misconduct, or a conscious, flagrant indifference to the rights or safety of the victim who was

harmed;

This is an excerpt of the Public Health Improvement Act which includes the Cardiac Arrest

Survival Act in it’s entirety.

‘‘(2) the person is a licensed or certified health professional who used the automated external

defibrillator device while acting within the scope of the license or certification of the professional

and within the scope of the employment or agency of the professional;

‘‘(3) the person is a hospital, clinic, or other entity whose purpose is providing health care directly

to patients, and the harm was caused by an employee or agent of the entity who used the device

while acting within the scope of the employment or agency of the employee or agent; or

‘‘(4) the person is an acquirer of the device who leased the device to a health care entity (or who

otherwise provided the device to such entity for compensation without selling the device to the

entity), and the harm was caused by an employee or agent of the entity who used the device while

acting within the scope of the employment or agency of the employee or agent.

(c) RULES OF CONSTRUCTION.—

‘‘(1) IN GENERAL.—The following applies with respect to this section:

‘‘(A) This section does not establish any cause of action, or require that an automated external

defibrillator device be placed at any building or other location.

‘‘(B) With respect to a class of persons for which this section provides immunity from civil

liability, this section supersedes the law of a State only to the extent that the State has no

statute or regulations that provide persons in such class with immunity for civil liability arising

from the use by such persons of automated external defibrillator devices in emergency

situations (within the meaning of the State law or regulation involved).

‘‘(C) This section does not waive any protection from liability for Federal officers or

employees under—

‘‘(i) section 224; or

‘‘(ii) sections 1346(b), 2672, and 2679 of title 28, United States Code, or under alternative

benefits pro-vided by the United States where the availability of such benefits precludes a

remedy under section 1346(b) of title 28.

‘‘(2) CIVIL ACTIONS UNDER FEDERAL LAW.—

‘‘(A) IN GENERAL.—The applicability of subsections (a) and (b) includes applicability to

any action for civil liability described in subsection (a) that arises under Federal law.

‘‘(B) FEDERAL AREAS ADOPTING STATE LAW.—If a geographic area is under Federal

jurisdiction and is located within a State but out of the jurisdiction of the State, and if,

pursuant to Federal law, the law of the State applies in such area regarding matters for which

there is no applicable Federal law, then an action for civil liability described in subsection (a)

that in such area arises under the law of the State is subject to subsections (a) through (c) in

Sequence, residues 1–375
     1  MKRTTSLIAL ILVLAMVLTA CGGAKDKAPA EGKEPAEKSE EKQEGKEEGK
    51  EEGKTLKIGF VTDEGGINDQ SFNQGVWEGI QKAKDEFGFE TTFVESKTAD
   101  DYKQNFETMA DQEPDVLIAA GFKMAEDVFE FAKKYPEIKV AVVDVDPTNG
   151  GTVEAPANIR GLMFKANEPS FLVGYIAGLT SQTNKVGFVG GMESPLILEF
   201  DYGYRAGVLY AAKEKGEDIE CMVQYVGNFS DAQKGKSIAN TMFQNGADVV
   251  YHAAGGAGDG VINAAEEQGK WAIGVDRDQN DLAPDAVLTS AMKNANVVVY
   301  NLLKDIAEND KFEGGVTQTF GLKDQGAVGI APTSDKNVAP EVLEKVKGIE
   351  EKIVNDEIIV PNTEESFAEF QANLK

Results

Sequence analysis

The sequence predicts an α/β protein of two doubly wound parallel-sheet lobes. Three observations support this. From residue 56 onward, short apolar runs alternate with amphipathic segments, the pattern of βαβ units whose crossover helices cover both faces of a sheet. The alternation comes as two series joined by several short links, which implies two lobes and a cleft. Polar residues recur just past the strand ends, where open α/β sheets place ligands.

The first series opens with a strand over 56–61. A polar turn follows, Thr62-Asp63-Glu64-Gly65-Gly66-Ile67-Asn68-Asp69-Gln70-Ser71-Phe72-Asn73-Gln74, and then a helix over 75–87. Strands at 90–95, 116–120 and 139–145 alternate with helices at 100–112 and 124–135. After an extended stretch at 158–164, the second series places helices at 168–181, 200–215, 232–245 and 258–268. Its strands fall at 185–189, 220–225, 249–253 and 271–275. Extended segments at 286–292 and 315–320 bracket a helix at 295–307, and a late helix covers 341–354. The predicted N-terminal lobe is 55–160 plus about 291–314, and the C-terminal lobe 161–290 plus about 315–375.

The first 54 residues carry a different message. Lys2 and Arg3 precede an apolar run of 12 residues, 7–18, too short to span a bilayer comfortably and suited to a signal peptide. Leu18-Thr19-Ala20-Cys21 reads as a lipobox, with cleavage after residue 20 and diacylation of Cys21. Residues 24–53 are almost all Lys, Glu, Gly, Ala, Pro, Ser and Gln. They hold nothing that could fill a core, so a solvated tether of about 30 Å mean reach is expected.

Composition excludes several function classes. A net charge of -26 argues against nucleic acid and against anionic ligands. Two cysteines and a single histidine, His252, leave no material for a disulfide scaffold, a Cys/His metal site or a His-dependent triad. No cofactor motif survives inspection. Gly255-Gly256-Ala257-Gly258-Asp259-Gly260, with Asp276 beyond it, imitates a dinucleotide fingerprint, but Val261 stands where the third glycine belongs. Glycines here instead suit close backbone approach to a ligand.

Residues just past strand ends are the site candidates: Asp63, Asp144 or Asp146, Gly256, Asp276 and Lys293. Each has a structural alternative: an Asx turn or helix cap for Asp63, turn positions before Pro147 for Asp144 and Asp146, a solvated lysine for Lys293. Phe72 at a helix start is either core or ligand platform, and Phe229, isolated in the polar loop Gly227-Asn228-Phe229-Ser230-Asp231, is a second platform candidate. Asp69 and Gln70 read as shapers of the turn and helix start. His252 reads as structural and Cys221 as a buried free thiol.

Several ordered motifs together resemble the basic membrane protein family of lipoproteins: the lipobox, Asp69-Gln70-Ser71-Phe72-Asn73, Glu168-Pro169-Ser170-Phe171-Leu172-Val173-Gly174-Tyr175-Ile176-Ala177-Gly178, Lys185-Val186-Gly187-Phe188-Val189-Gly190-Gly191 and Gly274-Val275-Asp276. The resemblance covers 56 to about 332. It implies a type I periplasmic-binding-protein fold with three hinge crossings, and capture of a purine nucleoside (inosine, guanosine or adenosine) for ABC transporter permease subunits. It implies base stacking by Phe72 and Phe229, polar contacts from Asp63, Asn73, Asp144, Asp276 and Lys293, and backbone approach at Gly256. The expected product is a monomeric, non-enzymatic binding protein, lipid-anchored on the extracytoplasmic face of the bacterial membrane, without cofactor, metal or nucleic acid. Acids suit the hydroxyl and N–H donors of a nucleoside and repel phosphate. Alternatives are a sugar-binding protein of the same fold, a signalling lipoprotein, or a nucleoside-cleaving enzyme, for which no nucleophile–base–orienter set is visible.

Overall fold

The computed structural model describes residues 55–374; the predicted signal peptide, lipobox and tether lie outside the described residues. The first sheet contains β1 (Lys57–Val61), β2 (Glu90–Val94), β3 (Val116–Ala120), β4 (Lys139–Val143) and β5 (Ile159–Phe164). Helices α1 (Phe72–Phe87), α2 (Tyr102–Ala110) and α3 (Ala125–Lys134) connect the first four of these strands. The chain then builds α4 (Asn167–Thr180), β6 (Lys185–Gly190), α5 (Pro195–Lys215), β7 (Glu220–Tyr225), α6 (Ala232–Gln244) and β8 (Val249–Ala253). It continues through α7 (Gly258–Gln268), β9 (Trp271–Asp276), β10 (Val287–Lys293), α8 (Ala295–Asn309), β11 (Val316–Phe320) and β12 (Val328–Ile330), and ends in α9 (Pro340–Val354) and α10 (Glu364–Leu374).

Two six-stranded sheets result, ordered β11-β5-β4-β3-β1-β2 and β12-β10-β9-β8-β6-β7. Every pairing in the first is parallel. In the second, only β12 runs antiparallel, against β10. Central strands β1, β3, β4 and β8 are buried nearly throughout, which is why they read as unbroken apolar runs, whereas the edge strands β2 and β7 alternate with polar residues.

lieu of any related State law that would apply in such area in the absence of this

subparagraph.

‘‘(d) FEDERAL JURISDICTION.—In any civil action arising under State law, the courts of the State involved

have jurisdiction to apply the provisions of this section exclusive of the jurisdiction of the courts of the United

States.

‘‘(e) DEFINITIONS.—

‘‘(1) PERCEIVED MEDICAL EMERGENCY.—For purposes of this section, the term ‘perceived

medical emergency’ means circumstances in which the behavior of an individual leads a reasonable

person to believe that the individual is experiencing a life-threatening medical condition that

requires an immediate medical response regarding the heart or other cardiopulmonary functioning

of the individual.

‘‘(2) OTHER DEFINITIONS.—For purposes of this section:

‘‘(A) The term ‘automated external defibrillator device’ means a defibrillator device that—

‘‘(i) is commercially distributed in accordance with the Federal Food, Drug, and Cosmetic

Act;

‘‘(ii) is capable of recognizing the presence or absence of ventricular fibrillation, and is

capable of determining without intervention by the user of the device whether

defibrillation should be performed;

This is an excerpt of the Public Health Improvement Act which includes the Cardiac Arrest

Survival Act in it’s entirety.

‘‘(iii) upon determining that defibrillation should be performed, is able to deliver an

electrical shock to an individual; and

‘‘(iv) in the case of a defibrillator device that may be operated in either an automated or a

manual mode, is set to operate in the automated mode.

‘‘(B)(i) The term ‘harm’ includes physical, nonphysical, economic, and noneconomic losses.

‘‘(ii) The term ‘economic loss’ means any pecuniary loss resulting from harm (including

the loss of earnings or other benefits related to employment, medical expense loss,

replacement services loss, loss due to death, burial costs, and loss of business or

employment opportunities) to the extent recovery for such loss is allowed under applicable

State law.

‘‘(iii) The term ‘noneconomic losses’ means losses for physical and emotional pain,

suffering, inconvenience, physical impairment, mental anguish, disfigurement, loss of

enjoyment of life, loss of society and companionship, loss of consortium (other than loss

of domestic service), hedonic damages, injury to reputation and all other non-pecuniary

losses of any kind or nature.’’